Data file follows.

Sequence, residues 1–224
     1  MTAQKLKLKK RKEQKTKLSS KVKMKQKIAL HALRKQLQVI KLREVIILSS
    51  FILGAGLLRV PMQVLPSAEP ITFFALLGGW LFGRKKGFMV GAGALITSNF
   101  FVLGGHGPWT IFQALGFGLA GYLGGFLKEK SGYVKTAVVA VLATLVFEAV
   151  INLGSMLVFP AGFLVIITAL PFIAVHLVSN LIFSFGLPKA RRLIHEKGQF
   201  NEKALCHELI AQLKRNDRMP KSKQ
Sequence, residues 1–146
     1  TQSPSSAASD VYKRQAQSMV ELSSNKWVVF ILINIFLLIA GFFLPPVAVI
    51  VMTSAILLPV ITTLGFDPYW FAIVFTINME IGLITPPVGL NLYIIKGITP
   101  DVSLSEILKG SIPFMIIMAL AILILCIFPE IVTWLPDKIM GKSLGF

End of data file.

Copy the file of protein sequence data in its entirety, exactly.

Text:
Sequence, residues 1–224
     1  MTAQKLKLKK RKEQKTKLSS KVKMKQKIAL HALRKQLQVI KLREVIILSS
    51  FILGAGLLRV PMQVLPSAEP ITFFALLGGW LFGRKKGFMV GAGALITSNF
   101  FVLGGHGPWT IFQALGFGLA GYLGGFLKEK SGYVKTAVVA VLATLVFEAV
   151  INLGSMLVFP AGFLVIITAL PFIAVHLVSN LIFSFGLPKA RRLIHEKGQF
   201  NEKALCHELI AQLKRNDRMP KSKQ
Sequence, residues 1–146
     1  TQSPSSAASD VYKRQAQSMV ELSSNKWVVF ILINIFLLIA GFFLPPVAVI
    51  VMTSAILLPV ITTLGFDPYW FAIVFTINME IGLITPPVGL NLYIIKGITP
   101  DVSLSEILKG SIPFMIIMAL AILILCIFPE IVTWLPDKIM GKSLGF